Armando Cordoba was 3 ½ klicks behind enemy lines on a recon mission in Cambodia when he realized that he was in trouble.
With only two fellow Green Berets by his side, Cordoba could see the North Vietnamese Army gathering in the jungle in front of him. It started to become clear that the helicopter that dropped them made a serious topographical error.
So he and his men did the only thing that they could. They radioed in for confirmation that they were in fact deeper into enemy territory than they were supposed to be, waited for word that an evacuation was coming and slowly started to back out.
That’s when all hell broke loose.
The NVA spotted the three men and opened up on their position. The Green Berets – one of the Army’s Special Forces Groups that receives extensive outdoor survival training – fired back as they retreated towards the evacuation zone. The cover fire and the assistance of a pair of gunships was enough to get them to the bird that was waiting, and they piled in.
And then everything went black.
“They hit the tail of the helicopter and it went down. When I finally woke up there was smoke everywhere, and I could hear one of our men screaming,” Cordoba said. “I started working my way over there and that’s when I felt a gun press against my neck and heard a command telling me to stop. The next thing I knew I got hit in the face with the butt of the gun – it knocked my top teeth out and everything – and I came to with a bag over my head and my hands tied up.
“I knew then what was going to happen.”
Life as a Prisoner of War
For 7 ½ months Cordoba was kept as a prisoner by the NVA in a series of camps that he believes were in Cambodia and Laos. They would remain caged in for 18 hours a day, and would receive only minimal amounts of food and water. Contact among the prisoners was strictly prohibited – even eye contact would result in a visit from the guards.
And treatment, he said, was a nightmare. Waterboarding was a regular occurrence, and other forms of torture used to try and coax information out of the prisoners included inserting bamboo shoots underneath finger and toenails. Electrocuting prisoners by forcing them to stand in water that had been wired was also a tactic, Cordoba said, that was used.
“The things that they did were brutal,” he said. “But they never got any information out of me.”
An opportunity for freedom
When a bombing run drove most of the guards away from the camp and provided a chance for the prisoners to make a dash for freedom, Cordoba joined up with a handful of American pilots and helped devise a plan that would eventually lead them to safe ground.
But it wouldn’t be easy.
Over the course of 11 days, the group would have to hunker down during the day – finding food and edibles where they could – and advance through the jungle during the night. The poor health of some of the former captives prevented the group from making the sort of ground they could have, Cordoba said, but eventually they got to where they needed to be.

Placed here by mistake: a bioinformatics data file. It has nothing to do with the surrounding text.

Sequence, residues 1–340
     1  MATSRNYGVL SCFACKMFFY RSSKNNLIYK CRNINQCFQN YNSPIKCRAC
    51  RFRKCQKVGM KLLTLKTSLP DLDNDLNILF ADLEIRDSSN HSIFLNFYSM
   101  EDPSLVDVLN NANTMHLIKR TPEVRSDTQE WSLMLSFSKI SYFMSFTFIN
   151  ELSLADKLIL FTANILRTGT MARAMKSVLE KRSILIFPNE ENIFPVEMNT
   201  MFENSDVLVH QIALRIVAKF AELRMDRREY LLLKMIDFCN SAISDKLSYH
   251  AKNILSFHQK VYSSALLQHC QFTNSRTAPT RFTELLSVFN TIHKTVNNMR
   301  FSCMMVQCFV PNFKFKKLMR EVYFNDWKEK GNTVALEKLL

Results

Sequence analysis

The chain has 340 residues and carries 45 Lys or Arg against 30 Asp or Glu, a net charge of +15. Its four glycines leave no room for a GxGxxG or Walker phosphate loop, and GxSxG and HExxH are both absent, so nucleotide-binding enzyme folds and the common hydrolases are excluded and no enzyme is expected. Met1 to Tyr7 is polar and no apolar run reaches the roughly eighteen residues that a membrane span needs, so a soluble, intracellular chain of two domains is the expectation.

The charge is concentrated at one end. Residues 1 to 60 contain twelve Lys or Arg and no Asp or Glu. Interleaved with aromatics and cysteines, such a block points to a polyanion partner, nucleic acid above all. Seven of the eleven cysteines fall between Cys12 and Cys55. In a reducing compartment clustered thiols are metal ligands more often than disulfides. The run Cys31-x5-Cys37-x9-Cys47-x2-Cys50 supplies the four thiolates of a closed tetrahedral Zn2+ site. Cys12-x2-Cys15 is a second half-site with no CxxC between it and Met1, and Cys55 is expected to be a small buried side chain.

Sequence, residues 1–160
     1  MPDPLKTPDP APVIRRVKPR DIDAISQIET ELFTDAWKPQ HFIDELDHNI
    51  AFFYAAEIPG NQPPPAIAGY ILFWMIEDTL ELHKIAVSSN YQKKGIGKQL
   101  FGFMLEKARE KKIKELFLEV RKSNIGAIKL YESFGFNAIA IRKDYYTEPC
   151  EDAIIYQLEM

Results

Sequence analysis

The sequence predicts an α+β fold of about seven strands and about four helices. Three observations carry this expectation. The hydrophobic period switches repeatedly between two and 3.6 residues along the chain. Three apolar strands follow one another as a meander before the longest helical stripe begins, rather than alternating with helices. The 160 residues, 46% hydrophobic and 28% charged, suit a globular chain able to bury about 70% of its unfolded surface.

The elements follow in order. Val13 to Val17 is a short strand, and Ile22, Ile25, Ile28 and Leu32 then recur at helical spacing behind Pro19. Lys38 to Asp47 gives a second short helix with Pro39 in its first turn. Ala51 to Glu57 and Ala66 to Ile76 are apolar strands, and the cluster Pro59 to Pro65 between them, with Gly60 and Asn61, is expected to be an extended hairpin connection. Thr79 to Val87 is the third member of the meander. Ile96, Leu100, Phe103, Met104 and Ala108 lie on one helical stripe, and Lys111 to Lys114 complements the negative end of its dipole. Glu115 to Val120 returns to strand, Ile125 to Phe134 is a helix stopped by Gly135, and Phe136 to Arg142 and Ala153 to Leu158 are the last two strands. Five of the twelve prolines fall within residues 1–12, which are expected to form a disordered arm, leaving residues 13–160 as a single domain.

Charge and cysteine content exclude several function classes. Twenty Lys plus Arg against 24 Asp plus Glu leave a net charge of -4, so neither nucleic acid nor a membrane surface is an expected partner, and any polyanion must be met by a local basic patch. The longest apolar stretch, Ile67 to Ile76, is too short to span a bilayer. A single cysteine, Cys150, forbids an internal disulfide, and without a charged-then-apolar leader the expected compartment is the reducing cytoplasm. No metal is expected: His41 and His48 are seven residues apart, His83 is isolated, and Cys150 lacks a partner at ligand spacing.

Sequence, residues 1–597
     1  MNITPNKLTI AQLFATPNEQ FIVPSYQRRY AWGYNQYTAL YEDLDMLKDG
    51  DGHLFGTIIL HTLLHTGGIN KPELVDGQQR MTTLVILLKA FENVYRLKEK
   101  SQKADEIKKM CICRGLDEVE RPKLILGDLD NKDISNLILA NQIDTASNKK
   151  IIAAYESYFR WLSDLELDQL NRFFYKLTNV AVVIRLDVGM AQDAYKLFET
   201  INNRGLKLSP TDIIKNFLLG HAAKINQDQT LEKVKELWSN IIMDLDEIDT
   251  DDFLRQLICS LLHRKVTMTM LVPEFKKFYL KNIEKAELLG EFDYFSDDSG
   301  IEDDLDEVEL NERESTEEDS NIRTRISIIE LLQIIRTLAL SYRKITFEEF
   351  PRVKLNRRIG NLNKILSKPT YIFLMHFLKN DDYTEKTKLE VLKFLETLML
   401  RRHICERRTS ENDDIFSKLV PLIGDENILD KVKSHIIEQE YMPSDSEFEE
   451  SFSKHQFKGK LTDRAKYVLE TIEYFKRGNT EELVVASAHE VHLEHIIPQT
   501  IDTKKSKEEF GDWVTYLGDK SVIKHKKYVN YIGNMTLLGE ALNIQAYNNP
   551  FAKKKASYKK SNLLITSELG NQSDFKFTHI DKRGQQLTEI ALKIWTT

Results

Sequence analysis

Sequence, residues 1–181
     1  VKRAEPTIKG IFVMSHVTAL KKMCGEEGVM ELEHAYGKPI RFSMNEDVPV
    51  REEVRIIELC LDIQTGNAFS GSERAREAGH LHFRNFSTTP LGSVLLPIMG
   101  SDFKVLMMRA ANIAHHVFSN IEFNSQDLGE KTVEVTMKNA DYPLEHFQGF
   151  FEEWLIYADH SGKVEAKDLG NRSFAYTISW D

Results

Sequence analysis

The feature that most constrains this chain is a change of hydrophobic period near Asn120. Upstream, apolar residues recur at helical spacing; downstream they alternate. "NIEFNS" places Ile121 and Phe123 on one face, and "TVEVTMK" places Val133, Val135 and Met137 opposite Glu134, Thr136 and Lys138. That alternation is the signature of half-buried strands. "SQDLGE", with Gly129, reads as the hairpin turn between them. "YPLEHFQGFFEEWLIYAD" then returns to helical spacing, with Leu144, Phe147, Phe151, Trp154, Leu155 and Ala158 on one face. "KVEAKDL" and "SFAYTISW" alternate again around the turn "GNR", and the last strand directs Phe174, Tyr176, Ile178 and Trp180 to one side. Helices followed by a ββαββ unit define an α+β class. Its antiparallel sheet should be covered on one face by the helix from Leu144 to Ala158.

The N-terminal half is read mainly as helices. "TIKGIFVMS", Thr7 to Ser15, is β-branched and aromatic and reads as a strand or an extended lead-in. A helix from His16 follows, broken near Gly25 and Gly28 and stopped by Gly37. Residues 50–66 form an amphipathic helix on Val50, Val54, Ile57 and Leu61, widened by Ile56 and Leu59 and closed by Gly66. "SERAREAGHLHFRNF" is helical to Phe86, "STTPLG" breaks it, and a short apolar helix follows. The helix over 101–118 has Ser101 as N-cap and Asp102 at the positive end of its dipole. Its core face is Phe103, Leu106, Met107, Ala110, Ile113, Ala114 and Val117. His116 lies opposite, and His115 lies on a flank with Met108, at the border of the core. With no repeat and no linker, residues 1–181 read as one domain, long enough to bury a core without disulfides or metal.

“It was such a relief being home again. A lot of the guys there couldn’t believe that we had made it as far as we did,” he said. “The survival training that I received as a Green Beret was what got me through that experience. I was fortunate that I had those skills.”
Cordoba would eventually be awarded a pair of Purple Hearts, a pair of Bronze Stars and a Silver Star for his heroism and his bravery in service during the Vietnam War.
Life After The Military
After his six years in the Army, Cordoba would go on to spend 22 years working for AT&T before retiring. He and his wife would go on to open Nana’s Pupuseria in the Cardoza West shopping center. He now spends a good portion of his time behind the counter getting to know the regular customers that come in to enjoy the Central American food that’s cooked up fresh.
While he’s proud of his service, Cordoba – who immigrated to the United States in 1959 from Costa Rica and was drafted in 1964 – chooses not to participate in the Veterans Day or Memorial Day events and ceremonies that are held every year. They bring back too many memories, he said, and trigger flashbacks. Even fireworks on the Fourth of July are something that he stays away from – choosing to shut all the windows and doors and watch TV rather than take in the aerial display or the local home shows.
But he does still stay plugged in to his military background with a hobby that not only keeps him busy but benefits veterans at the same time.
Cordoba goes out into the community searching for straight pieces of wood and root that he then sands, lacquers and carves and eventually distributes to those at the VA Hospital in Palo Alto. It’s a great outlet, he says, and a great hobby.
“I made some of these for Mike Anderson down at Manteca Auto Plaza – he lost a son a few years ago in Iraq. His wife was so moved by it that she started crying – that really touched my heart,” he said. “And seeing the look on the faces of the veterans when they get this is what doing this is all about.”